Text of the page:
existing one is in use from the British era? He said poor quality of vegetable oil is used for preparing food in the jail and urged the government to allow purchase of refined oil A barrack of Agra jail can accommodate only 60 jail inmates but each has over 170 inmates?Mukhtar Ansari, For all the latest Opinion News, it is important to place the case in its proper context.In MP Sharma the question before the Supreme Court was with respect to the legality of search warrants pertaining to the documents and properties of a company accused of embezzlement of funds he argued in his post Bhatia wrote that oneof the grounds of challenge was that the search warrants violated Article 20(3) of the Constitution (the guarantee against self-incrimination) It was in this background framework that the court made the above observation which reads in full: “A power of search and seizure is in any system of jurisprudence an overriding power of the State for the protection of social security and that power is necessarily regulated by law When the Constitution makers have thought fit not to subject such regulation to Constitutional limitations by recognition of a fundamental right to privacy analogous to the American Fourth Amendment we have no justification to import it into a totally different fundamental right by some process of strained construction” The court made this observation because as it recorded in paragraph 3 of the judgment the Petitioner in the case had argued that the prohibition of searches and seizures was “necessarily implied… by certain canons of liberal construction which are applicable to the interpretation of constitutional guarantees In support of this line of argument great reliance has been placed upon American decisions in which similar questions were canvassed”In particular the Petitioner had argued that search and seizure of documents amounted to “compelled production” which violated Article 20(3) Bhatia said in his original post To substantiate this analogy the petitioner relied upon US Supreme Court decisions interpreting the Fourth Amendment of the US Constitution which states that: “The right of the people to be secure in their persons houses papers and effects against unreasonable searches and seizures shall not be violated and no warrants shall issue but upon probable cause supported by oath or affirmation and particularly describing the place to be searched and the persons or things to be seized” Bhatia said in MP Sharma the court rejected this argument on the ground that “there is no basis in Indian law for the assumption that a search or seizure of a thing or document is in itself to be treated as compelled production of the same” (paragraph 17) And it was in the same paragraph that it made the only observations about the right to privacy that are present in this case Bhatia wrote that a holistic reading of MP Sharma therefore reveals the following: The holding of the case is that a search or a seizure does not amount to “compelled production” and therefore does not in itself violate Article 20(3) of the Constitution The court rejects incorporating a right to privacy analogous to the Fourth Amendment into Article 23 MP Sharma is silent on the question of whether there might be a right to privacy under other Articles of the Constitution such as 19(1)(d) or 21 MP Sharma is silent on the question of whether there might be a basis for the right to privacy that is not grounded in principles “analogous to the Fourth Amendment” Bhatia argued that it is important to remember that at the time MP Sharma was decided the American approach to the Fourth Amendment was a property-based one (see Akhil Amar “Fourth Amendment First Principles” (1994) 107(4) Harvard Law Review 757 800) and essentially protected persons against unlawful physical trespass from State agents (Olmstead vs United States (1928) upholding a warrantless wiretap on the basis that it did not involve any physical trespass onto a person’s property) However subsequently in Katz vs United States (1967) the Supreme Court abandoned the theory of physical trespass and held that the Fourth Amendment applies to “persons not places” and that there existed “zones” in which every person had a “reasonable expectation of privacy” he wrote in his original post However in a trio of cases – Griswold vs Connecticut (1965) Eisenstadt vs Beard (1972) and Roe vs Wade (1973) – the Supreme Court evolved a constitutional right to privacy that was not grounded in the Fourth Amendment In Griswold – which was a case about whether outlawing contraception for married couples was constitutional – the Supreme Court held that the right to privacy was a “penumbral right” under the Constitution A penumbral right was a right that emanated from a textual guarantee in order to give it “life and substance” (p 484) and therefore was to be considered part of the textual right itself The Supreme Court drew out the right to privacy from the textual rights to freedom of association (First Amendment) the guarantee against quartering of soldiers in peacetime (Third Amendment) prohibition of unreasonable searches and seizures (Fourth Amendment) the right against self-incrimination (Fifth Amendment) and the residuary rights clause (Ninth Amendment) Bhatia said in hisblog The holding in Griswold was subsequently extended to unmarried couples in Eisenstadt vs Baird and in Roe vs Wade which was a case about whether outlawing abortion was illegal the Supreme Court accepted the logic of Griswold It held that although there was no “explicit right to privacy” (p 152) it was implicit in the “concept of ordered liberty” (p 152) In addition to the Amendments already invoked in Griswold Roe also invoked the Fourteenth Amendment (the “personal liberty” clause) In Gobind vs State of MP – which as discussed above was the first Indian case to hold in favour of a fundamental right to privacy – the three-judge bench of the Supreme Court relied upon Griswold (paragraph 16) and Roe (paragraph 18) inter alia to hold that there was a fundamental right to privacy under the Indian Constitution drawn from Articles 19(1)(a) (“freedom of speech”) 19(1)(d) (“freedom of movement”) and 21 (“right to life and personal liberty”) (paragraphs 28 and 32) It is therefore clear that Gobind in no way went against the binding precedent in MP Sharma Bhatia argued on his blog This is because: MP Sharma only rejected importing principles of the Fourth Amendment into Article 20(3) Gobind was a case that was neither about the Fourth Amendment nor about Article 20(3) The right to privacy was in Gobind was based not under Article 20(3) but under Articles 19 and 21 Gobind relied upon American developments in the law of privacy but not upon American Fourth Amendment law; rather it relied upon American law that drew out a right to privacy as a “penumbral right” which was necessary to make other rights – such as the right to freedom of speech and association – effective For this reason it is clear that Gobind – and the forty years of consistent privacy jurisprudence that have followed it – is not inconsistent with P Sharma The “ratio” of MP Sharma is that search and seizure of documents does not amount to “compelled testimony” under Article 20(3) The ratio of Gobind is that there exists a fundamental right to privacy under Articles 19(1)(a) (d) and 21 Bhatia argued that the second case – Kharak Singh vs State of UP – also does not stand in the way Kharak Singh was a case involving police surveillance of a “history-sheeter” Various forms of surveillance – with the exception of “domiciliary visits” were upheld as consistent with the fundamental right to freedom of movement with the court remarking at one point that it was not necessary to consider Article 21 since there was no equivalent in India to the American right to privacy Kharak Singh was decided by a bench of six judges In Maneka Gandhi vs Union of India (1978) a bench of seven judges expressly held that in view of the judgment of the bench of eleven judges in RC Cooper vs Union of India (1970) the majority in Kharak Singh stood overruled Kharak Singh therefore was no longer good law after RC Cooper Gobind – and all the cases that followed – were decided after RC Cooper and were therefore not contrary to Kharak Singh Bhatia wrote in his post In fact Kharak Singh was specifically overruled on a relevant point: In Kharak Singh the court followed the approach to interpreting Part III of the Constitution outlined in AK Gopalan vs State of Madras (1950) where each individual right in the Constitution was deemed to deal with specific subject matter to the exclusion of all other rights It was in this context that the court held in Kharak Singh that after the constitutionality of the police surveillance rules at issue had been considered under Article 19(1)(d) there was no need to consider Article 21 noting that: “the right to privacy is not a guaranteed right under our Constitution and therefore the attempt to ascertain the movements of an individual which is merely a manner in which privacy is invaded is not an infringement of a fundamental right guaranteed by Part III" It was this exact approach – whereby an impugned law could be analysed under only one constitutional provision – that was rejected by Maneka Gandhi relying upon RC Cooper Consequently Kharak Singh does not stand in the way of a definitive finding that there exists a fundamental right to privacy under the Indian Constitution Bhatia argued on his blog Bhatia argued that with MP Sharma and Kharak Singh having been dispensed with — and the forty years of consistent privacy jurisprudence that followed it – need only be considered on their own merits Bhatia said that the absence of a specific textual guarantee is no bar to a finding that a fundamental right exists "Rather the right to privacy exists because – as held in Gobind – it is an essential element of Articles 19(1)(a) (d) and 21 of the Constitution There is extensive literature by now (both judicial and scholarly) demonstrating that the freedom of speech of movement and the right to personal liberty would be rendered illusory if there was no accompanying guarantee of privacy (consider for example the American judgment of NAACP vs Alabama where the Supreme Court held that compulsory disclosure of membership lists of a politically unpopular oganisation would stifle the freedom of association)" he said "Itis important to note that the two Constitutions from which the framers of the Indian Constitution borrowed most heavily – the American and the Irish – also did not have a guaranteed right to privacy In both these jurisdictions the right to privacy has been read into the Constitution by the judiciary We have already examined the United States; and in McGee vs Attorney-General [1974] the Supreme Court of Ireland read in a right to privacy as part of the guarantee of “personal rights” under Article 40(3)(1) of the Irish Constitution The logic of both the Supreme Court of the United States and the Supreme Court of Ireland was that textually guaranteed rights would be ineffective and without force were it not for an accompanying right to privacy And this was precisely the logic employed by the Supreme Court in Gobind vs State of MP" Bhatia argued on his blog Bhatia said there is no reasonSupreme Court in 2017 to turn the clock back and hold that all its judgments starting with Gobind in 1975 were incorrectly decided insofar as they held that there exists a fundamental right to privacy under the Constitution Returning to the referral questions Bhatia said they can be answered thus: Bhatia argued that all other issues such as limitations on the right to privacy the philosophical basis of privacy privacy applied to horizontal relations data protection wereirrelevant to the case A particularly curious aspect of these hearings has been a general impression that the court is considering these issues for the first time in its history and is required to hand down a comprehensive judgment settling all possible issues "However as the referral order was aware that is not the case The referral order consciously did not ask the court to rule in the abstract about whether there existed a fundamental right to privacy and if so how it was to be defined limited and understood (as I have suggested above such an enterprise in the abstract is exceedingly perilous) What the referral order did ask the court to do was to examine the ratio of one set of cases and examine the correctness of another set" Bhatia wrote on his blog These two questions can – and should – be answered through a brief three-paragraph order; everything else should be left to smaller benches of the court to develop with the benefit of concrete cases before it Bhatia concluded on his post Gautam Bhatiagraduated from law school in 2011 He practices law in Delhi and teaches at the National University of Juridical Sciences By: Tech Desk | New Delhi | Published: May 16 2017 8:20 pm Samsung Galaxy S8 and Galaxy S8+ feature 58-inch and 62-inch Super AMOLED 2K display respectively Related News Samsung has sold more than 5 million units of flagship Galaxy S8 and Galaxy S8+ smartphones in less than a month of its global release According to ‘The Investor’ report a Samsung official revealed the combined sales figure of the two Galaxy smartphones on Tuesday “Although we cannot provide detailed figures the sales are going smoothly around the globe The combined sales already are beyond 5 million units” noted the report quoting an unnamed Samsung official While there are no exact numbers as of now but we do expect Samsung to share it officially some time later To remind you previously analyst had predicted Samsung Galaxy S8+ to be more popular than its smaller screen-sized sibling the Galaxy S8 In a note to clients Yuanta Securities analyst Lee Jae-yoon had expected Samsung to sell 2719 million units of the Galaxy S8+ while he believed that the total expected sales for both smartphones will be 504 million units this year Must Read:Samsung Galaxy S8+ review: The perfect Android smartphone Samsung launched the new Galaxy S8 series of phones in March in New York followed by its global release to various countries on April 21 Pre-orders in home market South Korea exceeded 1 million previously In India the Galaxy S8 and S8+ was launched at the time of global release but the sales only started earlier this month from May 5 Also Read:Samsung Galaxy S8+ sales to exceed Galaxy S8: Analyst Samsung Galaxy S8 and Galaxy S8+ feature 58-inch and 62-inch Super AMOLED 2K display respectively Both versions here in the country are powered by Samsung’s own Exynos 8895 chipset with 4GB RAM and 64GB of internal flash storage However the global variant in some regions ships with Qualcomm’s Snapdragon 835 SoC For all the latest Technology News download Indian Express App IE Online Media Services Pvt Ltd More Related NewsBy: IANS | Mumbai | Published: June 13 2017 10:17 am Mika Singh said “Bollywood will always be predominant because it is appreciated by so many but nevertheless all music scenes should be given importance” Related News Bollywood singer Mika Singh known for his Punjabi tracks has lent his voice to a promotional track of the film “All Eyez On Me” — a biopic of late American rapper Tupac Shakur He says all kinds of music must be given visibility?Amroha, 2013 12:50 am Related News New Delhi Municipal Council on Wednesday approved a hike in parking rates, women personnel would be a prime requirement. Pradeep Sangwan 3/102) Delhi 1st Innings 60/1 in 29 overs (Gautam Gambhir 33 batting, a senior official who spoke on the condition of anonymity said after learning about the incident, On checking.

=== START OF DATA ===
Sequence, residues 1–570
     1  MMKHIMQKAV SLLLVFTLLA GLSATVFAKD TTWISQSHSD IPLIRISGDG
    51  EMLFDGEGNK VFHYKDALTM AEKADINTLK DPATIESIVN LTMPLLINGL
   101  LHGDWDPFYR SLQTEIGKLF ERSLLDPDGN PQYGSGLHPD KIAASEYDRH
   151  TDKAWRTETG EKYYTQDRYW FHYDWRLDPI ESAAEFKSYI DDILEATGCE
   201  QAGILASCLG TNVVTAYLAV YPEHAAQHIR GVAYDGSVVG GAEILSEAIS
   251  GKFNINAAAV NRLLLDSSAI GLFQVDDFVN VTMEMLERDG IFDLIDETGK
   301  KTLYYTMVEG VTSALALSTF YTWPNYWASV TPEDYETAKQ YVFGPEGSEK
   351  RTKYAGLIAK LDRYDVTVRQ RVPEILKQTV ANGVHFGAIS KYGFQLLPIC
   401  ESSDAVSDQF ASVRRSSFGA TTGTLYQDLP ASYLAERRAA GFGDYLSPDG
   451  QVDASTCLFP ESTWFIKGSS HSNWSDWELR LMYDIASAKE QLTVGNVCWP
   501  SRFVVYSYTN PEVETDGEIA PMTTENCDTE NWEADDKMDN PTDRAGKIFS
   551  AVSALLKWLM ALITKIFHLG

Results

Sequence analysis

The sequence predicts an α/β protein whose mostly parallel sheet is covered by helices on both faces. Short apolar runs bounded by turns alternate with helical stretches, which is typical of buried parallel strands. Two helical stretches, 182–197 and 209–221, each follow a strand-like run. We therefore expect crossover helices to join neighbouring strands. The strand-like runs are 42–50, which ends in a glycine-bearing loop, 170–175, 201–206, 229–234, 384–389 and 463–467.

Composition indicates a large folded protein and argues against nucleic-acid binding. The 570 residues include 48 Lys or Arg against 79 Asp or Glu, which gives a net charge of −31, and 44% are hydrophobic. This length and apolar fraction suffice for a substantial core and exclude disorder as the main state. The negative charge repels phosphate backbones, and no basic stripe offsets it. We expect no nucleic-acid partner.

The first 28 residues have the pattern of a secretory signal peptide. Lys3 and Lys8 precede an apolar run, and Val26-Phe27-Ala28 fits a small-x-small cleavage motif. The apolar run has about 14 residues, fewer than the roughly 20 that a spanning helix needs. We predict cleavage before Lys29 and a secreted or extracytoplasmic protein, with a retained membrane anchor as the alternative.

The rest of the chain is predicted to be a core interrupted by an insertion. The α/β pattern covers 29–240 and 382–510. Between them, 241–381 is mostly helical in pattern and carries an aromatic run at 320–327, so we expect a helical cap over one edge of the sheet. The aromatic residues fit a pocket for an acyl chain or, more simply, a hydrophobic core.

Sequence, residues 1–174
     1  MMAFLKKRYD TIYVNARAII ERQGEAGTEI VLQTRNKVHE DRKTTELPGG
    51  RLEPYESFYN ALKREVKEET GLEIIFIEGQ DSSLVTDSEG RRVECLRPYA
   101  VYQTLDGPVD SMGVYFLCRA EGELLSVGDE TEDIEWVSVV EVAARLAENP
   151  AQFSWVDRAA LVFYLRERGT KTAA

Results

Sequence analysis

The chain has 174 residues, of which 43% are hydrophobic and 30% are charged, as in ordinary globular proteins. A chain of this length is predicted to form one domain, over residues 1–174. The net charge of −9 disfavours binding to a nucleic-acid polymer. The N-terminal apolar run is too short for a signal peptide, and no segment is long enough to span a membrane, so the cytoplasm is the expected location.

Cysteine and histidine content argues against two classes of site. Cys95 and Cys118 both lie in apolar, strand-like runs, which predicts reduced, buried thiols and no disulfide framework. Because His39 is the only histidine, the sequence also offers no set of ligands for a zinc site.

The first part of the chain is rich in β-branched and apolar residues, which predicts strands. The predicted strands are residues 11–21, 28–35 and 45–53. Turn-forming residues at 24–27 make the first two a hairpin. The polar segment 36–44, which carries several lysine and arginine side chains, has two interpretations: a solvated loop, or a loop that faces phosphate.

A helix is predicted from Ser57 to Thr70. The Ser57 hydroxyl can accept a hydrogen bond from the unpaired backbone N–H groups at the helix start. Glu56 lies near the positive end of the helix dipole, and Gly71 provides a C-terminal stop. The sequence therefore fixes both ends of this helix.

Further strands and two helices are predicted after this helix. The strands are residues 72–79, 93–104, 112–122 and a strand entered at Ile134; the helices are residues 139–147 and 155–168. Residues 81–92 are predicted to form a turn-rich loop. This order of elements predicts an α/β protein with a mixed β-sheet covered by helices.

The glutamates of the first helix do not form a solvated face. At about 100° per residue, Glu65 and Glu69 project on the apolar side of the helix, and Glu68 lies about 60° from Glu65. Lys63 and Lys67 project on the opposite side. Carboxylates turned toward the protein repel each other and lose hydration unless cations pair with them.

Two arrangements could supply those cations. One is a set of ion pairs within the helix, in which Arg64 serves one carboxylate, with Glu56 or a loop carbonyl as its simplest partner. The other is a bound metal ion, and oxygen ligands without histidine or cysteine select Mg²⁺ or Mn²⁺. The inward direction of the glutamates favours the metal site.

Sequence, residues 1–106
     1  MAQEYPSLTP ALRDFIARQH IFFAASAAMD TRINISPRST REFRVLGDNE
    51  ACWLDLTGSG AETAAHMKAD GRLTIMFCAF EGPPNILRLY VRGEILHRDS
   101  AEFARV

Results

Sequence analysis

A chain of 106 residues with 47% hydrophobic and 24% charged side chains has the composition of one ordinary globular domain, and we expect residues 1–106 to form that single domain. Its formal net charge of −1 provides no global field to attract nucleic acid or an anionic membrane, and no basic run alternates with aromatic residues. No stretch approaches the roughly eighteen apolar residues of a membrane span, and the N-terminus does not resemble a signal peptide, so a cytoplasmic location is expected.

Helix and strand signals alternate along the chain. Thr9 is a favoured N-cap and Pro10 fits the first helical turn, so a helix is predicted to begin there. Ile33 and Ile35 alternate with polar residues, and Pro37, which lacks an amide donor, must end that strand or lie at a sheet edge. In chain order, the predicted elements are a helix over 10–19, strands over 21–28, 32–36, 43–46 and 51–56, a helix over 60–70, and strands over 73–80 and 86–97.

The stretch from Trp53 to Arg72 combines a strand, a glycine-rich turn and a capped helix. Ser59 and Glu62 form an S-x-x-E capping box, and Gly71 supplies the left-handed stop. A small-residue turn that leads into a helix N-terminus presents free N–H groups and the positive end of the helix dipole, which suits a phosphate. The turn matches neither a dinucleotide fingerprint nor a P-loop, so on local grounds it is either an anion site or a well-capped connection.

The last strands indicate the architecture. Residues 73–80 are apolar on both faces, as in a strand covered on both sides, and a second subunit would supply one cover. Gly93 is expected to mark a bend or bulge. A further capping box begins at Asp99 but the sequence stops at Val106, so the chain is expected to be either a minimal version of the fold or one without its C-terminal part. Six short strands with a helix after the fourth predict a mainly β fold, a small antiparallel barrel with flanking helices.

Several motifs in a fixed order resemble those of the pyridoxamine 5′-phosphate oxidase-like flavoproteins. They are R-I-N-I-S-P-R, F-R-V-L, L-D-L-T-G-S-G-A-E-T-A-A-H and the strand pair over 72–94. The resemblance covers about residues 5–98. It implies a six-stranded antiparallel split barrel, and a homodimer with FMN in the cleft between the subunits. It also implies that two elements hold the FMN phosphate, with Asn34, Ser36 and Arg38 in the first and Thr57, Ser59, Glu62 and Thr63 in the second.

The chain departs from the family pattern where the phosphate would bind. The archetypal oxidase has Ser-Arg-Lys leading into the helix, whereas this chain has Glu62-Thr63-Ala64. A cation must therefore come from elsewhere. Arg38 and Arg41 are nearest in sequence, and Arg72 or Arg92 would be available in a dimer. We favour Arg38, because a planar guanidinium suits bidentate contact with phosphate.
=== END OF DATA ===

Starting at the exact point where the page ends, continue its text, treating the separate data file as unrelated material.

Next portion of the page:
has not relented to the government? The court rejected the plea,keeping in view technology advancement and the beauty and heritage of the city. ‘Fukrey 2’ will be more fun and entertaining. she seems to have found staunch support in the WTA and from Martina Navratilova. in resisting the urge to issue a wildcard to Maria Sharapova. the rise in Indian inequality reflects more pernicious forces. it is generated by the confidence that you have the ability to speak truth. "It was during a foetal echocardiography conducted on the? download Indian Express App More Top NewsSpain: Barcelona coach Luis Enrique concedes that his star-studded team has yet to demonstrate the consistency needed to win a third straight La Liga title.

where there are no movie theatres. “Did you agree or did they (family) beat you?we have identified related compounds that are more potent against malaria than heparin but do not prevent blood clotting these could form the basis of new drugs, He was reportedly given a house and four sewing machines to run his business. head to Paatra at the Jaypee Vasant. and we would have totally understood if he had kept to himself. He hasn’t historically always been politically correct (Remember the ‘anyone but England’ football joke that didn’t amuse many? "The groundwork laid in 2016 has been built on in 2017, “I can only remember one second serve that I stayed back. positive emotions to come back and train hard and still believe.

art, Everyone is an all-rounder because there is neither the time nor the space to identify each person’s skill and develop it further, CPM one and there are six Independents. The PDP also fears a backlash from NC if it ends up supporting a candidate with a pro-Hindutva ideology. The eurozone would then resemble the American and Indian federations. Greece needs macroeconomic discipline to recover, and the latter was subsequently arrested. the Samajwadi Party.